Explanation of Stages

The Foundation Stage of the programme is for beginning English Language learners. It can also address the learning needs of older students whose readiness for English language acquisition is likely to have been affected by factors such as:

  • interrupted or no schooling
  • learning disabilities
  • low levels of L1 literacy
  • trauma
  • no prior exposure to English

Teachers of beginner intensive English classes may find Foundation Stage an appropriate additional tool for screening students’ entry level English language and literacy skills. Assessing students against outcomes, measured by identifying which of the learning components they have mastered, could be helpful in planning beginner class programmes, as students in these classes typically represent a wide range of proficiency and L1 literacy levels. 

Early Literacy Focus

Foundation and Stage 1 outcomes overlap especially in oral interaction because the Foundation Stage student typically achieves English oracy skills in the same way and at approximately the same pace as their Stage 1 counterparts. Particular focus is given at Foundation Stage to explicit teaching of the initial literacy and oral language skills which are essential for all beginning English language learners. These are specified in the teaching components for these stages and must include a systematic phonemic awareness programme which explicitly teaches the names and sounds and the written forms of letters, consonants, consonant clusters, vowels, and vowel blends. They will also need a systematic vocabulary teaching and learning programme which allows them to master the first 500-1000 most frequent English words.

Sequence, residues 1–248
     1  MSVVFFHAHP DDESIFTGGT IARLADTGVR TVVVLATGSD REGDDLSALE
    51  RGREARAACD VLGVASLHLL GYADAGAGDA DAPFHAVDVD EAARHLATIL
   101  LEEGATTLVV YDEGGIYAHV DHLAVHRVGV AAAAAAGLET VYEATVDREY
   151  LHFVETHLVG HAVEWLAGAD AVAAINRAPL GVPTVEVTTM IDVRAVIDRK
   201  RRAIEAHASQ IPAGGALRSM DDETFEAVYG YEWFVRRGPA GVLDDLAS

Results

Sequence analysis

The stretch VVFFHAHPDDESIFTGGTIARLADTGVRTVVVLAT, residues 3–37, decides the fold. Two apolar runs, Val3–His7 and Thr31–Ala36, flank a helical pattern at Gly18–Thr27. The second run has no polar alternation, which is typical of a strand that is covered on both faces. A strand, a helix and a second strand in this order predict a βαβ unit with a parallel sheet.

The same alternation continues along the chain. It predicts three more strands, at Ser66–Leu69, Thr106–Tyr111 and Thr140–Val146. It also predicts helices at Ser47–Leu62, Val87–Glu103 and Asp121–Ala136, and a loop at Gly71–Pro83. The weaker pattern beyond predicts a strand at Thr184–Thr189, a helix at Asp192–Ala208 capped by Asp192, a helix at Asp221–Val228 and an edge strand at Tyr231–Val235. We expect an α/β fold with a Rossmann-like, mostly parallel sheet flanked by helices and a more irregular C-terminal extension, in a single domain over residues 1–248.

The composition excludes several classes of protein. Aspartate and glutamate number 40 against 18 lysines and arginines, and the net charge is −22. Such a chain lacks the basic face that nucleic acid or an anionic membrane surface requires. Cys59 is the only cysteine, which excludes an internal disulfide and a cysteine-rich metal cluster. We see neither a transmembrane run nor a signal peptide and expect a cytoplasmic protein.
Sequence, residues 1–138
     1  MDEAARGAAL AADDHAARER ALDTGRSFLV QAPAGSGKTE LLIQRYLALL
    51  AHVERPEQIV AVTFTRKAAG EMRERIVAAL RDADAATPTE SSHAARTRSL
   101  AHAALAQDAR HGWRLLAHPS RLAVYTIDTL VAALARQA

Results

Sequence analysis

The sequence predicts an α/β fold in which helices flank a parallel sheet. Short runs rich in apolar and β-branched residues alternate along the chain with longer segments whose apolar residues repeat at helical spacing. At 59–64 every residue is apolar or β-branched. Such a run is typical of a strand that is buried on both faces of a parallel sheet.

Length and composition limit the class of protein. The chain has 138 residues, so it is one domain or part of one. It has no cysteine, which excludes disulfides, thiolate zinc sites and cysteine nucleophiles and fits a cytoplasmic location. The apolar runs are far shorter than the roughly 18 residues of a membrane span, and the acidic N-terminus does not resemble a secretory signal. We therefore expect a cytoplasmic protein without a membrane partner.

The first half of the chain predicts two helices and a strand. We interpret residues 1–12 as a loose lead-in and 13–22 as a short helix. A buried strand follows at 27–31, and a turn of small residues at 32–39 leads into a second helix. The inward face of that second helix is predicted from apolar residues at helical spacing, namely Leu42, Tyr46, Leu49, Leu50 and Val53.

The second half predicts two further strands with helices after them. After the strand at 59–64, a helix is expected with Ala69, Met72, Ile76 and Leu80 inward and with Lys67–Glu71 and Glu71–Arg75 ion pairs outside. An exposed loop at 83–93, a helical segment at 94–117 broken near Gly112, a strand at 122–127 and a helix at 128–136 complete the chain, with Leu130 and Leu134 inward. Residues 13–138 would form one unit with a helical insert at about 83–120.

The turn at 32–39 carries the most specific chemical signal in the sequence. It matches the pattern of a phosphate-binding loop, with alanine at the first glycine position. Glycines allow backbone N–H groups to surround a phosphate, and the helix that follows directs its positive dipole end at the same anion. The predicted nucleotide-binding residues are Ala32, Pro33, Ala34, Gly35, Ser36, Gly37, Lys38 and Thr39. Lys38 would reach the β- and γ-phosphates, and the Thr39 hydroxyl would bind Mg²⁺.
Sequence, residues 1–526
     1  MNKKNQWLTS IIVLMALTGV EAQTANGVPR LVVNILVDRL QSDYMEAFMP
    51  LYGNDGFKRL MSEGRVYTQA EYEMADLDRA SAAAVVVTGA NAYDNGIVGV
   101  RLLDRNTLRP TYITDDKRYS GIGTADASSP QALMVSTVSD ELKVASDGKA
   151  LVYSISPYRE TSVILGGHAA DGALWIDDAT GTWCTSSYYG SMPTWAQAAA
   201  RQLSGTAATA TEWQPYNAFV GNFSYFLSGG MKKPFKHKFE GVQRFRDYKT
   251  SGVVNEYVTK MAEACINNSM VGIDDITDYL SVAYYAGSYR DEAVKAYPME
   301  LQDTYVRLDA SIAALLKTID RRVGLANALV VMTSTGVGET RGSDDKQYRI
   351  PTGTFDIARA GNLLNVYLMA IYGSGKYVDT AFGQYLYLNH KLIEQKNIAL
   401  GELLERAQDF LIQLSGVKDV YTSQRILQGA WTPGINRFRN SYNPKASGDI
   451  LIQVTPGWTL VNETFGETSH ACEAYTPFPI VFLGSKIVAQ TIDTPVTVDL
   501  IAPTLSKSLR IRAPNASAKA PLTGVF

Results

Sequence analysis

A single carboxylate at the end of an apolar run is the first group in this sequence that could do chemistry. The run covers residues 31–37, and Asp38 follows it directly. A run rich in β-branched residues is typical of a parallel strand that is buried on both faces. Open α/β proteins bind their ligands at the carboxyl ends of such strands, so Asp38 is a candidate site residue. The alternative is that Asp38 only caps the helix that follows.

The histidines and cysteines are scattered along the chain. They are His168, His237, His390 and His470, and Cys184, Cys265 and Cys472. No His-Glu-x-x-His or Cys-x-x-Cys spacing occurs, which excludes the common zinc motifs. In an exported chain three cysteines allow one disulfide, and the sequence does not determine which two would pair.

Students at Foundation Stage require specific support to achieve the literacy skills which underpin all successful reading and writing, as well as explicit support in developing their oral language in a range of domains. They need to develop an extensive sight vocabulary and to begin to establish clear links between the spoken and written systems of English with a systematic phonemic awareness programme. Foundation Stage outlines the learning of these skills across the key learning areas using student-centred methodologies and a range of appropriate teaching approaches and strategies.